Context. Immunization has an essential impact on public health worldwide. Numerous studies have shown the efficacy of different vaccines to protect individuals from various diseases. However, some parents choose not to vaccinate their children for reasons such as, among others, doubts regarding their usefulness, concerns over safety or efficacy, etc. Physicians are known to exert a direct influence on immunization rates by answering questions and clarifying misconceptions. Yet, it is unknown how they immunize their own children.
Objective. We sought to assess how physicians interested in vaccination issues immunized, or would immunize, their own children.
Design, Setting, and Participants. An 11-question, Web- based survey with a total of 102 discrete answers was sent to 2070 Swiss physicians in October 2004. All physicians were subscribers to a nonprofit, Web-based expert network (InfoVac, www.infovac.ch) that distributes monthly newsletters and answers question within 2 days on immunization issues. The InfoVac network reaches >95% of pediatricians in Switzerland but <20% of general practitioners. All responses were anonymous, and no identifier could be used to trace the participants of the survey. Questions were divided into 2 parts: (1) physicians who were parents were asked which vaccines they gave to their own children and at what age, and (2) all physicians were asked which vaccines they would give to their own child and at what age if they had a newborn child in 2004. Vaccines available in Switzerland at the time of the survey were offered as possible replies, and recommended vaccines were considered as those noted in the Swiss federal immunization schedule issued yearly. One question compared their immunization practice between their own children and their patients. Sociodemographics, qualifying year, membership in different professional groups, and their type of practice were also requested.
Statistics. Standard descriptive statistics were used for sociodemographic characteristics. Univariate statistical analyses were performed for each variable to determine its relationship to the dependent variable, being a pediatrician or nonpediatrician. Logistic-regression analysis was used to calculate the adjusted odds ratios (ORs) and 95% confidence intervals (CIs), controlling for any statistically significant demographic variables that might function as confounders (gender, parenthood, workplace, year of diploma, and type of practice). For all statistical tests, differences were considered significant at P < .05.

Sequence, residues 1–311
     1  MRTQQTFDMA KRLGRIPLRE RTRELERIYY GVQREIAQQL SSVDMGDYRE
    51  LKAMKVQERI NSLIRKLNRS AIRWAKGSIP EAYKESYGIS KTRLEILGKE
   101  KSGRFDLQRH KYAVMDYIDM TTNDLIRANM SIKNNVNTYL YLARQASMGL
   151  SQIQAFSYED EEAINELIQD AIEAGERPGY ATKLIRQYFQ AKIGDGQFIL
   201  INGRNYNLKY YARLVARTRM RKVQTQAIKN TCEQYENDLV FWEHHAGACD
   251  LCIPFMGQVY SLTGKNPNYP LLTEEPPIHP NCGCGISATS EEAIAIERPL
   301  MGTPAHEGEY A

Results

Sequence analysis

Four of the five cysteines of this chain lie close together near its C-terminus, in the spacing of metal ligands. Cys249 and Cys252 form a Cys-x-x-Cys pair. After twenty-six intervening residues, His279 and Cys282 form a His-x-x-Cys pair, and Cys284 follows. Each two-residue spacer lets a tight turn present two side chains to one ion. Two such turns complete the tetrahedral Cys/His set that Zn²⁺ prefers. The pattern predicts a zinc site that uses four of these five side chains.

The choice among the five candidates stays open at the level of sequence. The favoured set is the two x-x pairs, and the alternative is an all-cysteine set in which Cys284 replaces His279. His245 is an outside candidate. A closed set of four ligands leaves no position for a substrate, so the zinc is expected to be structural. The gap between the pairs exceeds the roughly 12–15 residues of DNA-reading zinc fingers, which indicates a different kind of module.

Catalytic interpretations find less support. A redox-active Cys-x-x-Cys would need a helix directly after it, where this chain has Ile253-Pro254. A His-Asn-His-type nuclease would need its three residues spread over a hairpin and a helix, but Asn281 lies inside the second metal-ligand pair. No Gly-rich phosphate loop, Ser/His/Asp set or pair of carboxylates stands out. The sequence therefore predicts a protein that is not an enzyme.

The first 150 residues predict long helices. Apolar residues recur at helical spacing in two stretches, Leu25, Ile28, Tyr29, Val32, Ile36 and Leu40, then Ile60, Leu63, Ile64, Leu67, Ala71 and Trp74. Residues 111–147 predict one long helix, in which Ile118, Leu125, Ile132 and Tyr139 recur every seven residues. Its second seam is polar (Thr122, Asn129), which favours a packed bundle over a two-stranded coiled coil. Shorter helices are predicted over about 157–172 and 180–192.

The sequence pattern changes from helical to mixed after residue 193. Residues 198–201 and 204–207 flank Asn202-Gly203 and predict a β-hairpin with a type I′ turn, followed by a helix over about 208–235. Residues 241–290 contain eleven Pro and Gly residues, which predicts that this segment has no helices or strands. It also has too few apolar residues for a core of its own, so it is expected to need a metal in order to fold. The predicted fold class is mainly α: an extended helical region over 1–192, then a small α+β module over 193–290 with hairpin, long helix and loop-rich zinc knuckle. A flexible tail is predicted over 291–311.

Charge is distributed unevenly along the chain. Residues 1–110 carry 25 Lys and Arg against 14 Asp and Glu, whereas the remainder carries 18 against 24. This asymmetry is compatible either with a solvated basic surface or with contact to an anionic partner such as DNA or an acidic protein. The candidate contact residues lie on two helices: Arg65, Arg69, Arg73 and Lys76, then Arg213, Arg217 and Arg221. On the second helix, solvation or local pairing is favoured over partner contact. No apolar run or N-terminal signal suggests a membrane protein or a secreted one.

Main Outcome Measure. We performed a comparison of past and projected immunization rates in the children of pediatricians and nonpediatricians.
Results. One thousand seventeen valid questionnaires were received (response rate: 49.1%; pediatricians: 53.3%). Nine hundred fifteen physicians (90%) had ≥1 child. All physicians reported immunizing children in their practice. Pediatricians were more likely to be women and to work in private practice than nonpediatricians but less likely to belong to a self-reported alternative medicine association. Among the nonpediatricians, 317 were general practitioners, 144 were internists, and 95 were other specialists. Ninety-two percent of pediatricians followed the official immunization recommendations for their own children. In contrast, after controlling for gender, workplace, type of practice, and year of diploma, nonpediatricians were more likely not to have immunized their children against measles, mumps, hepatitis B, or Haemophilus influenzae type b. They more frequently postponed diphtheria-tetanus-pertussis (DTP) (OR: 4.5; 95% CI: 2.0–10.19) and measles-mumps-rubella (MMR) vaccination. Although projected immunization rates were higher than effective rates, 10% of nonpediatricians would still not follow the official immunization recommendations in 2004. They would more frequently refrain from using combination vaccines and postpone DTP and MMR immunization to later in life. Several comparisons confirmed the weaker use of the more recently licensed vaccines by nonpediatricians. In addition to vaccines currently recommended in Switzerland, both groups of physicians added hepatitis A, influenza, and varicella vaccines to the vaccination schedule of their own children. Pediatricians were more likely to give pneumococcal (OR: 2.26; 95% CI: 1.004–4.68) and meningococcal C (OR: 2.26; 95% CI: 1.62–3.17) vaccines to their own children. In contrast, they were less likely to give tick-borne encephalitis virus vaccine (OR: 0.65; 95% CI: 0.44–0.95).
Conclusions. Ninety-three percent of the surveyed physicians agree with the current official vaccination recommendations and would apply them to their own children. However, the observation that 5% of nonpediatricians would not use Haemophilus influenzae type b vaccine if they had a child born in 2004 is unexpected and concerning. In contrast, both groups gave additional vaccines than those recommended to their own children. Among physicians in Switzerland interested in immunization, a significant proportion of nonpediatricians decline or delay the immunization of their own children with the recommended MMR- or DTP-based combination vaccines, which indicates that clarification of misconceptions such as fear of “immune overload” has not yet reached important targets among health care providers who thus are unlikely to answer parental concerns adequately.
- immunization schedule
- health survey
- physician’s role
- measles-mumps-rubella vaccine
- hepatitis B vaccine
- diphtheria-tetanus-pertussis vaccine
- guideline adherence
- multivariate analysis
- Accepted June 30, 2005.
- Copyright © 2005 by the American Academy of Pediatrics